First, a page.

About Crete

Crete- Heraklion

Crete (Kriti) is a great deal more than just another Greek island. In many places, especially in the cities or along the developed north coast, it doesn't feel like an island at all, but rather a substantial land in its own right. Which of course it is - a precipitous, wealthy and at times a surprisingly cosmopolitan one with a tremendous and unique history. But when lose yourself among the mountains, or on the lesser-known coastal reaches, of the south, it has everything you could want of a Greek island and more: great beaches, remote hinterland and hospitable people.

In history, Crete us distinguished above all as the home of Europe's earliest civilization. It was only at the beginning of the twentieth century that the legends of King Minos and of a Cretan society that ruled the Greek world in prehistory were confirmed by excavations at Knossos and Phaestos. Yet the Minoans had a remarkably advanced society, the centre of a maritime trading empire as early as 2000 BC. The artworks produced on Crete at this time are unsurpassed anywhere in the ancient world, and it seems clear that life on Crete in those days was good. This apparently peaceful culture survived at least three major natural disasters; each time the palaces were destroyed, and each time they were rebuilt on a grander scale. Only after the last destruction, probably the result of an eruption of Santorini and subsequent tidal waves and earthquakes, do significant numbers of weapons begin to appear in the ruins. This, together with appearance of the Greek language, has been interpreted to mean that Mycenaean Greeks had taken control of the island. Nevertheless, for nearly 500years, by far the longest period of the peace the island has seen, Crete was home to a culture well ahead of its time.

The Minoans of Crete probably originally came from Anatolia; at their height they maintained strong links with Egypt and with the people of Asia Minor, and position as meeting point and strategic fulcrum between east and west has played a major role in Crete's subsequent history. Control of the island passed from Greeks to Romans to Saracens, through the Byzantine empire to Venice and finally to Turkey for more than two centuries. During World War II, the island was occupied by the Germans and attained the dubious distinction of being the first place to be successfully invaded by paratroops.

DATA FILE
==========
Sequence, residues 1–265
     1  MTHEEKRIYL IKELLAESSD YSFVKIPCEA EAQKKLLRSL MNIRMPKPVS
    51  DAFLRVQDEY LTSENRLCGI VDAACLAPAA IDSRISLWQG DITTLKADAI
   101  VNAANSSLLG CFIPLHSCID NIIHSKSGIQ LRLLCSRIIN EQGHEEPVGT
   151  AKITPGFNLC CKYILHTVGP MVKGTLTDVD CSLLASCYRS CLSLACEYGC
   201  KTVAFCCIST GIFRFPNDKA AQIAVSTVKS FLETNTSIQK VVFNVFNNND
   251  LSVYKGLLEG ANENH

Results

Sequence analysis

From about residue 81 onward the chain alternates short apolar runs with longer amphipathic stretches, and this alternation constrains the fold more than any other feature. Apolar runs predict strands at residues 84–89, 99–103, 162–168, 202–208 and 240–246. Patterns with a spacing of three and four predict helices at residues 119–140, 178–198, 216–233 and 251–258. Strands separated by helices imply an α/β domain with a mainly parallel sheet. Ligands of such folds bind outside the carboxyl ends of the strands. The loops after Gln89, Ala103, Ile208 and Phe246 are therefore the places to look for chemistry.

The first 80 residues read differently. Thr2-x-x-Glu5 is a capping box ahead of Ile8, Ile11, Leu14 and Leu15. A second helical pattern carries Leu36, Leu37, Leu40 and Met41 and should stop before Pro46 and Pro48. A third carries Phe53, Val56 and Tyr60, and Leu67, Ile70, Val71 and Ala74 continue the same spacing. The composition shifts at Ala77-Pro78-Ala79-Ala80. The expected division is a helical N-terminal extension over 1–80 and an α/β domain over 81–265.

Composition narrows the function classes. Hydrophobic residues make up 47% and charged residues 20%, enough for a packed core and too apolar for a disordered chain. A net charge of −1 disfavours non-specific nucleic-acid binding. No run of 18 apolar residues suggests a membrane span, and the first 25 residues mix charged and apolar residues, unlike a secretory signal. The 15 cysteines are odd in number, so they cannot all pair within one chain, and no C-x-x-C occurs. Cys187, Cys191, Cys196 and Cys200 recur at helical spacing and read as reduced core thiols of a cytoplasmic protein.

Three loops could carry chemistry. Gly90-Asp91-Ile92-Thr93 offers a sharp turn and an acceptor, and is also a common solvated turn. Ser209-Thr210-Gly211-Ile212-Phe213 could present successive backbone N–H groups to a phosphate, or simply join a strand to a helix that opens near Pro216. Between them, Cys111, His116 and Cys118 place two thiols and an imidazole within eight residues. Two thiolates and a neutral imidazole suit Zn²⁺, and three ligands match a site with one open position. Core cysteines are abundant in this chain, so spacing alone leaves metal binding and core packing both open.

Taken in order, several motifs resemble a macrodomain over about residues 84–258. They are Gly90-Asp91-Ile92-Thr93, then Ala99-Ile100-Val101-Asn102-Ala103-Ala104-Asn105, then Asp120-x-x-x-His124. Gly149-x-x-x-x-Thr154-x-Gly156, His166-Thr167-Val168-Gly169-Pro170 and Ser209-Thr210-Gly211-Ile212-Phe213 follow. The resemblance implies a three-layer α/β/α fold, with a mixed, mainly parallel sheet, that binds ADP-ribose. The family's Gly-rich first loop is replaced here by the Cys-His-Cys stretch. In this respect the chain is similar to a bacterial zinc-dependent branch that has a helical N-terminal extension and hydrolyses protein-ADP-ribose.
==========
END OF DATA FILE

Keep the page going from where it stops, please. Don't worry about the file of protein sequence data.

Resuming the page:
Todays with a flourishing agricultural economy, Crete is one of the few Greek islands that could probably support itself without tourists. Nevertheless, tourism is heavily promoted and is making inroads everywhere. The northeast coast in particular is overdeveloped, and though there are parts of the south and west coasts that have not been spoilt, they are getting harder to find. By contrast, the high mountains of the interior are still barely touched, and one of the best things to do on Crete is to rent a vehicle and explore the remoter villages.

Every part of Crete has its loyal devotees and it's hard to pick out highlights. Crete has by far the longest summers in Greece, and you can get a decent tan here right into October and swim at least from May to November. The one seasonal blight is the meltemi, northerly wind, which regularly blows harder here and more continuously than anywhere else in Greece - the best of several reasons for avoiding an August visit if you can. It's far from an ill wind, however, as it also lowers humidity and makes the island's higher summer temperatures more bearable.

Many visitors to Crete arrive in the island's capital, Iraklion (Heraklion), but it's it an outstandingly beautiful city, and its central zones are often a maelstrom of traffic- congested thoroughfares. However, it does provide a convenient base for visits to an outstanding archeological museum and nearby Knossos. On the positive side, the city does have quite a few plus points-superb fortifications, a fine market, atmospheric old alleys and some interesting lesser museums added to a recent makeover of central areas by the city hall that has improved things considerably. The best way to approach Heraklion is by sea, with Mount Iouktas rising behind it and the Psiloritis range to the west. As you get closer, it's the city walls that first stand out, still dominating and fully encircling the oldest part of town; finally you sail in past the great Venetian fortress defending the harbour entrance . Unfortunately, big ships no longer dock in the old port but at great modern concrete wharves alongside , which neatly sums up Iraklion's itself. Many of the old parts have being restored and are attractive

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